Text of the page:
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New York slams Net pyramids

New York Attorney General Dennis Vacco sets his sights on "get-rich-quick" schemes in his latest crackdown on Net crime.

New York Attorney General Dennis Vacco has become a zealous Net crime buster.

This time he is targeting so-called get-rich-quick schemes. Vacco yesterday announced that his office has settled cases with 12 sites accused of running fraudulent online pyramid schemes. Combined, the individuals were charged about $20,000 in fines, according to his office.

"While these email solicitations typically claim that the programs they promote are legal, they are, in fact, pyramid schemes, which are prohibited in New York and many other states," Vacco said in a statement. "But instead of making thousands of dollars, as these solicitations claim, most people will lose money because these schemes are destined to fail."

The Federal Trade Commission has been going after pyramid operations for more than a year. Also described as multilevel marketing investment offers, pyramids promise members more money for each new person they bring into the plan. But those on the bottom often lose their money when the new recruit pool dries up.

In February of last year, the FTC reached a settlement with Fortuna Alliance, which allegedly collected up to $11 million from consumers, the agency said. Fortuna--which, as part of the settlement, did not admit guilt or claim innocence--said it would give full refunds to 30,000 to 40,000 consumers in 60 countries who paid to become a part of the venture.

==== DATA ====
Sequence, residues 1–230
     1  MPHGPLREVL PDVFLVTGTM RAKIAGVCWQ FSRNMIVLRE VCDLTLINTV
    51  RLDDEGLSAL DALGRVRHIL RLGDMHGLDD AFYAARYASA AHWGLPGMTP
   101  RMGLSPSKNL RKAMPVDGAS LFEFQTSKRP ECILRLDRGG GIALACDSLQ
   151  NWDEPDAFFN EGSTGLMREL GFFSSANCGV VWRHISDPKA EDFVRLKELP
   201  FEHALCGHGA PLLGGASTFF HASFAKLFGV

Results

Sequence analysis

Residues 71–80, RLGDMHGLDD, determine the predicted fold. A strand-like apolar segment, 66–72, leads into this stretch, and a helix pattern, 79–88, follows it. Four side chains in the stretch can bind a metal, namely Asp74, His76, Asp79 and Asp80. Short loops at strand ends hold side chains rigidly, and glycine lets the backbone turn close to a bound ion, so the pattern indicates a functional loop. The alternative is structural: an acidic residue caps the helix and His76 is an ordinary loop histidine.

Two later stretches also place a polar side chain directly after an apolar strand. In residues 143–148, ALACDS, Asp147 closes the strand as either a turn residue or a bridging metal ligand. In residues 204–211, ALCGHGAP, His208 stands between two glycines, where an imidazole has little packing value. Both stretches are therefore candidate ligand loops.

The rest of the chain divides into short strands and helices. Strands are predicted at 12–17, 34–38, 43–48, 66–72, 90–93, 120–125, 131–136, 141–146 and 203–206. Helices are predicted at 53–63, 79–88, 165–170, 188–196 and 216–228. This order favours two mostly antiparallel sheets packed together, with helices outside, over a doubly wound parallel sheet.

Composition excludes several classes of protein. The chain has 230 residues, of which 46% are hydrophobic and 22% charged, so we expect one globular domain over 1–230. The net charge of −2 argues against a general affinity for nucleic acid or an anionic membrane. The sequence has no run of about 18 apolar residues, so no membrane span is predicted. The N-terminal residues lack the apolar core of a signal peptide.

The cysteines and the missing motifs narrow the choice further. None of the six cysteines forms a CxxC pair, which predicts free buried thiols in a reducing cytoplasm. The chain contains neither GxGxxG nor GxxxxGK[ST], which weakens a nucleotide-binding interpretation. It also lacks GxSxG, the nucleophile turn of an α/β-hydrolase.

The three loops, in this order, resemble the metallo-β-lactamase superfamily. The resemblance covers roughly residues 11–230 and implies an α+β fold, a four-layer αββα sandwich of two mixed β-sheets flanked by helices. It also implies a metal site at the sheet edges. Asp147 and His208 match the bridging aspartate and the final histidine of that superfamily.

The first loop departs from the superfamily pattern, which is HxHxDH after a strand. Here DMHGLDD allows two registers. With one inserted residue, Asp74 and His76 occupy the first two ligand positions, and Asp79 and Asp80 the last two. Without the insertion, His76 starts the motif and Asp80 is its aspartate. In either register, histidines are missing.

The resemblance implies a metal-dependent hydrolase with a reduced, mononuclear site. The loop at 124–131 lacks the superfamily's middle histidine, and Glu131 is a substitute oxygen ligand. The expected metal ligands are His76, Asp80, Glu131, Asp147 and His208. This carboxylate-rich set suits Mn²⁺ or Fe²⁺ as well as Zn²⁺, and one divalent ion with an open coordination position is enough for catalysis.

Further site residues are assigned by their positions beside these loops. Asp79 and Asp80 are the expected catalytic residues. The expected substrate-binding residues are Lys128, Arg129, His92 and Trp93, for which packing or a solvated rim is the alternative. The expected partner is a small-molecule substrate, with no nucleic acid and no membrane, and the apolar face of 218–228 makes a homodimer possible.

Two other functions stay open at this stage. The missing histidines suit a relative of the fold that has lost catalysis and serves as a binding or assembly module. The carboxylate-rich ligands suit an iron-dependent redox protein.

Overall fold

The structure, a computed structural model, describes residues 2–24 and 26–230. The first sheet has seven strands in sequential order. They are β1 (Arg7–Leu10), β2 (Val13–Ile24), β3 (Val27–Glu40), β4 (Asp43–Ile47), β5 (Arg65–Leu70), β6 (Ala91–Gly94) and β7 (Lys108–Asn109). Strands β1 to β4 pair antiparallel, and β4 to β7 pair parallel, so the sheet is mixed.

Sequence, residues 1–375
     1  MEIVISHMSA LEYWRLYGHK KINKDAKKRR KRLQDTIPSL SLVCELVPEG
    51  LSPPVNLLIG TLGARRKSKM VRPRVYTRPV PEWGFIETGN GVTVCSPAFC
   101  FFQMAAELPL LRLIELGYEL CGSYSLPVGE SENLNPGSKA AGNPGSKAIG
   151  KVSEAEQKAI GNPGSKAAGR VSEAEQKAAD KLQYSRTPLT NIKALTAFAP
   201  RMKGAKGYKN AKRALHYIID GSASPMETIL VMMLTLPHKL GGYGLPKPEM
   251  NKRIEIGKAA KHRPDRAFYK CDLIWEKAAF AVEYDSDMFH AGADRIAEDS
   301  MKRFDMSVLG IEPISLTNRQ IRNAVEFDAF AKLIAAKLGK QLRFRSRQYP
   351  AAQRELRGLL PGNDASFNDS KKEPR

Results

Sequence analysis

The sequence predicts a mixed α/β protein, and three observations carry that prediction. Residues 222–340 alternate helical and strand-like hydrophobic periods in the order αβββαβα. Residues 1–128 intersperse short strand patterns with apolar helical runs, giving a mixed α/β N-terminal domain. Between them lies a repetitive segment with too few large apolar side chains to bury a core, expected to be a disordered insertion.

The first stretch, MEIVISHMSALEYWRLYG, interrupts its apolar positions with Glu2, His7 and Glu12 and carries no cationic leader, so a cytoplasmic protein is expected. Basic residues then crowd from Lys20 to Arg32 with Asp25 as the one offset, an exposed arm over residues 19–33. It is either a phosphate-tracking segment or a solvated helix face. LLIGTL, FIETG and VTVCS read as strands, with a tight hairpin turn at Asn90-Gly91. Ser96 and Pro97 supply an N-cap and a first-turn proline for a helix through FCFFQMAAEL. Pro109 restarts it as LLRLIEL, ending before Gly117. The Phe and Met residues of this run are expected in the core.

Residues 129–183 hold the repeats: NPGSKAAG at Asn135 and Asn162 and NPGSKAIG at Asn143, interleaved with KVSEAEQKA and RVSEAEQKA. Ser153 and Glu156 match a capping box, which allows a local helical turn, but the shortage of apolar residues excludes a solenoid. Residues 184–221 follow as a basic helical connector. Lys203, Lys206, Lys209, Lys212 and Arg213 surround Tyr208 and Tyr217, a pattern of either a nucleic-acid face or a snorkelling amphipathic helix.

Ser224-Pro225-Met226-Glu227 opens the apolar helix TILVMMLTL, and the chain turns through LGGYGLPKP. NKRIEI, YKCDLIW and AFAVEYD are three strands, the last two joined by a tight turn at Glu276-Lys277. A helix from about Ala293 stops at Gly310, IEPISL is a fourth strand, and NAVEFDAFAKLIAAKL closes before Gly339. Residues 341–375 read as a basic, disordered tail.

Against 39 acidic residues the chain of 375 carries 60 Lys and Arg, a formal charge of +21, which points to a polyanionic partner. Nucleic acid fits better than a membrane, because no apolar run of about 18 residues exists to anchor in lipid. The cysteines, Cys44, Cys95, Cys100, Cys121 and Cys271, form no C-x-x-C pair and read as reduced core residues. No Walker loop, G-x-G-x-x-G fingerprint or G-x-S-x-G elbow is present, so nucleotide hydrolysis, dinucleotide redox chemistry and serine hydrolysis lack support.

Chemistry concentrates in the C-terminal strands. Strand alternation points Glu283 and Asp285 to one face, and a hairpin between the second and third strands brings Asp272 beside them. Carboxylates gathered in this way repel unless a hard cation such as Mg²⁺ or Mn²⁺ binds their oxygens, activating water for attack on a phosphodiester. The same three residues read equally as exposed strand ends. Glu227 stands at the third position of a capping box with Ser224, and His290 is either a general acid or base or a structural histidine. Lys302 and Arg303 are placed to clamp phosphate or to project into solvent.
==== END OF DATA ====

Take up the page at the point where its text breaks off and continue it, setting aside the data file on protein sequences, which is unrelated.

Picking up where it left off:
New York also kicked off an education program to discourage surfers from joining pyramids.

Vacco has led public campaigns against alcohol sales to minors over the Net. The state attorney general also has been at the forefront of legal battles involving online and software giants such as America Online and Microsoft.

In addition, the free email service Juno said it would assist New York "in the identification of emailers who are engaged in fraud and provide subscribers with information that arms them against fraudulent email schemes."

A Juno spokesman said the company would not be turning over the identity of Juno users at the request of law enforcement. Instead, the company will be forwarding to investigators copies of spam advertising pyramid offers sent to Juno users.

Last week, the FTC also cracked down on emailers who send out fraudulent schemes. The agency announced that it had taken to court the first spammer being nabbed under its new enforcement effort. (See related story)